by Kay Sheppard, LMHC, CEDS
During the holiday season attendance falls off in recovery meetings and our recovering friends start to disappear. Some of these disappearances are long-term and some permanent. What happens during the holidays? Increased stress is certainly a complicating factor in holiday activities. There is more pressure, date books are fuller, “to do lists” become longer, and all together, these are busy times.
During these fast-paced times it is tempting to start canceling meetings, forgetting phone calls and postponing Step work until after the holidays. After all, isn’t this the reason that we recover, to enjoy life? The temptation is to take a holiday from recovery. We have to be vigilant about this kind of complacency and overconfidence. Whatever the excuse for letting up on recovery activities, the “24 hour principle” of recovery still applies. We must remember that we cannot stay abstinent on yesterday’s program. It is crucial to recovery to maintain our program and to maintain the “7-24” concept — we work our programs 7 days a week, 24 hours a day. Each holiday is nothing more than another 24 hour time frame which requires our attention as recovering people.
What is your best recovery program?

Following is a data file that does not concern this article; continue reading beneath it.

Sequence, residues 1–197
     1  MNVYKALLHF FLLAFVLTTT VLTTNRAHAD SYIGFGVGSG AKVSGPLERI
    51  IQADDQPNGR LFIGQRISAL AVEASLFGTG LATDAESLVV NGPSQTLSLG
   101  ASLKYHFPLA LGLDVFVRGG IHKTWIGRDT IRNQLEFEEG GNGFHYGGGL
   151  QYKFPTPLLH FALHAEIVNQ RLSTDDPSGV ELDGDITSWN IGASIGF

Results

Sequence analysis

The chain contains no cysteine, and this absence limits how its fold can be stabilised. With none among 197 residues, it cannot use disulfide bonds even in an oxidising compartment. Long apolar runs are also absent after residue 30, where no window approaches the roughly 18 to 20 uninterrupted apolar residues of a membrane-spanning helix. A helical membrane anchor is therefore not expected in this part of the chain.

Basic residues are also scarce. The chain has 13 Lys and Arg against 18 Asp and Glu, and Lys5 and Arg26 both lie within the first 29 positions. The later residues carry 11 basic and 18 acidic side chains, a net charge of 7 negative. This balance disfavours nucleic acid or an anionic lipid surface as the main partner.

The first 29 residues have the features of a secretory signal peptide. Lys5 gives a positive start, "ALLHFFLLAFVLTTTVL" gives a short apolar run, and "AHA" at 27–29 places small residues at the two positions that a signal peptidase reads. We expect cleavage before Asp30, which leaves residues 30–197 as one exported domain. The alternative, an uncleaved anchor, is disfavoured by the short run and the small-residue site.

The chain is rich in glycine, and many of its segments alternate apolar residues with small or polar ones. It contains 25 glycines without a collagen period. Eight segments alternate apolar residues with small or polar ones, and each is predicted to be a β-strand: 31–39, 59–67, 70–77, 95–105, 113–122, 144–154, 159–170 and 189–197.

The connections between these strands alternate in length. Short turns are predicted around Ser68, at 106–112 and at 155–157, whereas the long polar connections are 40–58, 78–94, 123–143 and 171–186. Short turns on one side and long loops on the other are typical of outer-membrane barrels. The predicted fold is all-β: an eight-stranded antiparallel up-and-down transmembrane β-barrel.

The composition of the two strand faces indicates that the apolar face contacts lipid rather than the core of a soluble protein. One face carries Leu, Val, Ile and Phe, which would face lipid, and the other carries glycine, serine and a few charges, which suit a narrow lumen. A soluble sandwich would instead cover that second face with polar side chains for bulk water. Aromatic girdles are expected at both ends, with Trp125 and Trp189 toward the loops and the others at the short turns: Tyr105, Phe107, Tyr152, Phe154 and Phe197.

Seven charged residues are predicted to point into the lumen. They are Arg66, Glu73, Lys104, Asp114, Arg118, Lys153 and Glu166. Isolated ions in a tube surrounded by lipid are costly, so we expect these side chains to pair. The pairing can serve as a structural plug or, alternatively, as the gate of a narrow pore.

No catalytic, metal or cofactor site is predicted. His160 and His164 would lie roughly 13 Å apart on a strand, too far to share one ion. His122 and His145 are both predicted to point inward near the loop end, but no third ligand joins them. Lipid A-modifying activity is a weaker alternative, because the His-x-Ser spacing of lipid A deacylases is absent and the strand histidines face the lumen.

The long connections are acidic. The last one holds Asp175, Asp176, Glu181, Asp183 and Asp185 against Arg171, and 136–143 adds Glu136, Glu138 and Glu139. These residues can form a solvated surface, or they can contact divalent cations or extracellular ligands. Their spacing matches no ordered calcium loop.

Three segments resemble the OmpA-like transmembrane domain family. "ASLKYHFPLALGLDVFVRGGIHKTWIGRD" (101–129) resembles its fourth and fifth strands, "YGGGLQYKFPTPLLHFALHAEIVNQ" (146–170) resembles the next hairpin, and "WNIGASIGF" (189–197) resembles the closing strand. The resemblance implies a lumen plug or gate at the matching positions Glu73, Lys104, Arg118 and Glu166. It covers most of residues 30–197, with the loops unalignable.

Before the holidays become frantic, it would be a good idea to outline your “best
recovery” program. Formulate a checklist based on those activities which best support your recovery. This checklist might include the optimum number of meetings to attend, a commitment to daily phone calls, reading, writing, prayer and meditation. It might look something like this:
Nightly Inventory Checklist
Phoned sponsor ___
Attended meeting ___
Exercised ___ hour
Meditation ___ times
Literature selection (identify selection)
* Let go
* No changes
* Weigh and measure all portions
Two phone calls to ___ and ___
One of the obvious pitfalls of the holiday season is the abundance of tempting food and drink. Magazine covers display the foods which will trigger our addiction and our life of horror in innocent and gorgeous splendor. The whole world has missed the idea that those foods should be photographed with a skull-and-crossbones “poison” label. For those of us who are predisposed to addiction, those holiday foods are particularly devastating. Of course, there are always those folks who are urging us to eat “just a little” of those foods, too. Or worse yet, there are others who offer to prepare abstinent food for us. Then we show up for dinner to find nothing for us to eat. Some hostesses even lie about the ingredients, thinking they can “put one over on us.” The best way to maintain abstinence throughout the holiday orgy of addictive substances is to eliminate and restrict the number of occasions attended, to show up prepared with our own food, or to eat before the party.
The bottom line is that I am always responsible for my own recovery. I am always responsible for the food I eat. And I have to understand that they don’t understand the importance of physical abstinence.
Let us pray that all of us will be guided in recovery through the holidays, making them holy days of joy and peace.